In the present study, not only was the overall prevalence of sight threatening DR of 36% considerably higher than in Western populations but in addition this rose to 57% when we restricted the findings to persons with type 1 diabetes. This figure is even higher than that previously reported in sub-Saharan Africa [19, 20]. The increased frequency of sight threatening DR is likely to be multifactorial and there are a number of possible explanations. First, our cohort was drawn from a pool of persons with a history of diabetes and likely had a longer duration of this condition. Second, they also had a higher mean random blood glucose and uncontrolled hypertension than previous sub-Saharan studies [20, 21]. Third, there was inadequate access to treatment with only 78% of patients with a diagnosis of type 1 diabetes reporting insulin use and this fell to 1% in those with type 2 diabetes. Fourth, uncontrolled hypertension (>140 systolic or 90 diastolic) was found in 62% (1335/2153) of our cohort. Fifth, there was variation in methodology, specifically patient selection and grading technique used. Rates of sight threatening DR and maculopathy tend to be higher in photography based studies  when compared to ophthalmoscopy studies [22, 23]. Exclusive use of photographic grading could therefore account for the increased prevalence of sight threatening DR and maculopathy in our study. On the other hand, for PDR our data are similar to previously reported prevalence in other studies of sub-Saharan populations [19, 20] and worldwide data [12, 14].
The prevalence of type 2 diabetes in sub-Saharan Africa has increased with urbanisation and a move towards a more westernised diet. Rising levels of obesity and a move towards an increasingly sedentary lifestyle have been hypothesised [11, 24, 25] as possible causal factors in sub-Saharan Africa. Despite the role of obesity as a causal factor in DM we did not observe an association for a high BMI with DR. Our data are consistent with a small cross-sectional study by Glover et al.  which reported prevalence of DR and associated risk factors in a diabetic cohort in neighbouring Malawi and which found no association between BMI and DR.
Limitations of this study
Our study was limited to a population of persons known to have diabetes. However, undiagnosed diabetes in sub-Saharan Africa is considerably larger and thus it is likely that we are underestimating the burden of DR in the community. Our findings imply that socio-economic status, lack of access to primary care and subsequently poor glycaemic and hypertensive control are important factors and that these can lead to late presentation and irreversible vision loss.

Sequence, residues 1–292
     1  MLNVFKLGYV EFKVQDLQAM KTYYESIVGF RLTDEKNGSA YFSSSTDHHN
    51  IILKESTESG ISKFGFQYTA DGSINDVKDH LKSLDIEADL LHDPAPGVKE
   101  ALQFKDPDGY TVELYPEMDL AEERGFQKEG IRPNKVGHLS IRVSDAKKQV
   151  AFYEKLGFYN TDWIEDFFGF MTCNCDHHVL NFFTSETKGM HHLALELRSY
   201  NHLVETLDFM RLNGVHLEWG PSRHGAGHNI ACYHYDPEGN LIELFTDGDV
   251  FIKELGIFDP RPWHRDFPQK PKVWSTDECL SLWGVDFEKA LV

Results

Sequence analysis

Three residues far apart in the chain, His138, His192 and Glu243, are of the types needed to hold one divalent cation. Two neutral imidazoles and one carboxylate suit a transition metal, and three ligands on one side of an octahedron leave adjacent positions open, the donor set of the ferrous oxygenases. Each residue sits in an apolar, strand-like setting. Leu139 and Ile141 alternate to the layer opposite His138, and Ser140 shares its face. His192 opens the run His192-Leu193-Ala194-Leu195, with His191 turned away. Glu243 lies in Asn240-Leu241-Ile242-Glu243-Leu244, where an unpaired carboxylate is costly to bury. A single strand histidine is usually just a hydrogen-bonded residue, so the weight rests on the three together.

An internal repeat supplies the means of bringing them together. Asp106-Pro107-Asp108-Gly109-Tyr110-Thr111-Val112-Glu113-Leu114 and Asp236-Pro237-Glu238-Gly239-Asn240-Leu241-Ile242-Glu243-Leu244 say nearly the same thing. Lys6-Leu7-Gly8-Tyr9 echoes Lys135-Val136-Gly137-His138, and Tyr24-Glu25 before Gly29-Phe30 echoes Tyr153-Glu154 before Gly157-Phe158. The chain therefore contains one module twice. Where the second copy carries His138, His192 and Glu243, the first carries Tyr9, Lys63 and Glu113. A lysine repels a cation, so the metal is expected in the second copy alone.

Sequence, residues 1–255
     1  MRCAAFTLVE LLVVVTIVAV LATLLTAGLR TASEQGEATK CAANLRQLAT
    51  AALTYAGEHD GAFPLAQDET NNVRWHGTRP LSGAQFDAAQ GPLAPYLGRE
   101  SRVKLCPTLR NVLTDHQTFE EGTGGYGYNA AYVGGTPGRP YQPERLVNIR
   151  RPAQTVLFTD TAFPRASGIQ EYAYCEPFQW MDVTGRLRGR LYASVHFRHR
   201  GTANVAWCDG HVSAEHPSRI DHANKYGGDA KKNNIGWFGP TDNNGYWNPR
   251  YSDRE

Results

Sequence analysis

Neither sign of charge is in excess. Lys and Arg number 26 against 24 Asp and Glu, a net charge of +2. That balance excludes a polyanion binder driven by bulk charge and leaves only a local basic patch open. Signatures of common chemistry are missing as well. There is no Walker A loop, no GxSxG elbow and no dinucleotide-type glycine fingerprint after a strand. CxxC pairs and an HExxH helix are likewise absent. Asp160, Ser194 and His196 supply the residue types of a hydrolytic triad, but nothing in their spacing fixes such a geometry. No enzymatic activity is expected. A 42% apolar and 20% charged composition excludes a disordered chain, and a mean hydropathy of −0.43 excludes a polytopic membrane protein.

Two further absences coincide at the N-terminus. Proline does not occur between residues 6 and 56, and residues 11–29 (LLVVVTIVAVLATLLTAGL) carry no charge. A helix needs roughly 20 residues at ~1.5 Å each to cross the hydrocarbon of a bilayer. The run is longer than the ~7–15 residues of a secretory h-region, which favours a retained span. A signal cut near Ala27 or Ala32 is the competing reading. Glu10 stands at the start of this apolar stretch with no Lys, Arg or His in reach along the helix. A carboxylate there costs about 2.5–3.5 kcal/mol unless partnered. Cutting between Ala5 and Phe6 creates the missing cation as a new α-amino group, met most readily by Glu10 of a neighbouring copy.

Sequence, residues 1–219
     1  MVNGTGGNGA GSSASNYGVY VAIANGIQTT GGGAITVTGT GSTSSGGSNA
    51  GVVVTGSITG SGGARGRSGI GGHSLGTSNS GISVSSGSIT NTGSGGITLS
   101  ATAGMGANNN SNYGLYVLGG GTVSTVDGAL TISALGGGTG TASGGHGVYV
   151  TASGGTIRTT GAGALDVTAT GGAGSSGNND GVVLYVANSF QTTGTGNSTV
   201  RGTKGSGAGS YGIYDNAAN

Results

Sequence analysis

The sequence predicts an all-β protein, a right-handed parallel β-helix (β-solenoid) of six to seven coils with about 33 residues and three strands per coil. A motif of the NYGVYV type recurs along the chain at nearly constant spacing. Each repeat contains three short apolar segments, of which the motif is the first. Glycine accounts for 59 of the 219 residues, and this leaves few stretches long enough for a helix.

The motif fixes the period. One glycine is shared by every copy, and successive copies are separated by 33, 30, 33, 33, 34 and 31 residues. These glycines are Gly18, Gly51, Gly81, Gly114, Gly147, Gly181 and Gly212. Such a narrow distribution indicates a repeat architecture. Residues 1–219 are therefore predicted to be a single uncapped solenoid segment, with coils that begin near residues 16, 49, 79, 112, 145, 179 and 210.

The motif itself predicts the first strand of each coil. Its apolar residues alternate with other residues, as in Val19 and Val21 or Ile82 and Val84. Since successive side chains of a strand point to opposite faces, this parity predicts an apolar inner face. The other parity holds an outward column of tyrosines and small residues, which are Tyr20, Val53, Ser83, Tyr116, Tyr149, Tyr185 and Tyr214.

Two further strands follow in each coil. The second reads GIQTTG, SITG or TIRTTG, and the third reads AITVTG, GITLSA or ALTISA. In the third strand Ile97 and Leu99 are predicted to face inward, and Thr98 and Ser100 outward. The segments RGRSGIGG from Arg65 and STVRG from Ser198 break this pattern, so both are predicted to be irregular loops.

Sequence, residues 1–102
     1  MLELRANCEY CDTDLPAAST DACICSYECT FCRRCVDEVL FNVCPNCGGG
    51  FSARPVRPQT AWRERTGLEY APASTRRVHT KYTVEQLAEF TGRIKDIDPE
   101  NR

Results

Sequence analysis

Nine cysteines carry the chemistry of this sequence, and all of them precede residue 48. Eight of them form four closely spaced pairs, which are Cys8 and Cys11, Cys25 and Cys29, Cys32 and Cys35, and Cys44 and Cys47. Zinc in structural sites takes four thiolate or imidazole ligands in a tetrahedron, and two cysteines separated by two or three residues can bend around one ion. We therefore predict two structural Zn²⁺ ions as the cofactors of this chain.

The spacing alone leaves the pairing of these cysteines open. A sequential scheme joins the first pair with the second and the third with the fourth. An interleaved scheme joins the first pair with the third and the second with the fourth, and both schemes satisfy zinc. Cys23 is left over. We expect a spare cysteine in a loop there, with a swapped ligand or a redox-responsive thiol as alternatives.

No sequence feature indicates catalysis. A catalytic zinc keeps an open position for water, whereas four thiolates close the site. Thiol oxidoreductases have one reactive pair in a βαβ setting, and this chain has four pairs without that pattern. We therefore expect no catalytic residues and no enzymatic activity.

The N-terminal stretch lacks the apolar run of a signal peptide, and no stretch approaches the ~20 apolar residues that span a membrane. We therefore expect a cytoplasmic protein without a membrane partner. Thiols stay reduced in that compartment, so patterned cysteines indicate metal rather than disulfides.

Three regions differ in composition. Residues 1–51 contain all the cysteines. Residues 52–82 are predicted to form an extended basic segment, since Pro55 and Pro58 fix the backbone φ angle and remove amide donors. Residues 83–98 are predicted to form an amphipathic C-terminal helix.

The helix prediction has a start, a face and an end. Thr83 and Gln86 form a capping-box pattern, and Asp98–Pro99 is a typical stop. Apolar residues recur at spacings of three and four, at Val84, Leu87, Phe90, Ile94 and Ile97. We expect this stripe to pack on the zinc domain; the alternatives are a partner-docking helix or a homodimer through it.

Much of the demographic data was collected by nurses and trained non-medical technicians using each patient’s self-reported medical history and notes, where available. In cases where it was not possible to confirm diabetic type, we categorised the patient as ‘diabetes unspecified’ so as not to bias the statistical results of the study.
Diabetic retinopathy screening was carried out using two non-stereo fundal photographic images. This is in line with other international screening programmes, including the UK. Due to the limited resources in the Zambian healthcare system, the use of optical coherence tomography (OCT) was not employed.
Further research is needed to confirm these findings in larger numbers. In sub-Saharan Africa diabetes care competes for resources with other diseases such as HIV and malaria. This research highlights the need for policymakers to direct health-care resources to expand the diabetic screening project to the whole country in an attempt to halt the burden of DR on patients and the community as a whole.
This study is one of very few studies estimating prevalence of diabetic retinopathy in sub-Saharan Africa, and the first in Zambia. We observed a high prevalence of sight threatening DR which is close to the higher end of the range of estimates that currently exist on DR. This study represents further evidence of global health inequality and the scale of the epidemic which sub-Saharan African countries now face.
What was known before
The prevalence of type 2 diabetes in sub-Saharan Africa has increased with urbanisation and a move towards a more westernised diet.
What this study adds
This study is one of very few studies estimating prevalence of diabetic retinopathy in sub-Saharan Africa, and the first in Zambia.
The prevalence of diabetic retinopathy in sub-Saharan Africa may be higher than previously thought.
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Staff of Frimley Hospital, England: Andrew Elliott, Thomas Poole, Brendan McIlhargey and Deana Robson. Staff and patients of Kitwe Central Hospital. Staff at the Reading Centre, Queen’s University of Belfast; with particular thanks to Barbra Hamill. Ministry of Health, Republic of Zambia. National Eye Coordinator, Republic of Zambia: Dr Mulenga Muma. Vision 2020: Marcia Zondervan and Claire Walker.
Tropical Health and Education Trust (THET) provided a grant to carry out the research project. CBM Christian Blind Mission (CBM) provided funding for the mobile fundus camera. Screening project was sponsored by Kitwe Central Hospital, Republic of Zambia. The funders had no direct involvement with the scientific aspects of the study.
G.M., S.S. and M.C. conceived the study. G.M., M.C. and L.N. wrote the study protocol. L.N. and L.M. helped in screener technician training and data collection. R.H. and A.L. did the statistical analysis and A.L. wrote the first draft of the article. A.L., R.H., U.C., S.S. and G.M. made substantial contributions to interpretation of results and revision of the manuscript. G.M. is guarantor.
Conflict of interest
The authors declare that they have no conflict of interest.
Ethics approval was obtained from Topical Diseases Research Centre (TDRC), Ndola, Republic of Zambia. ID No TDRC/ERC/3007/50/13. All participants gave informed consent before taking part.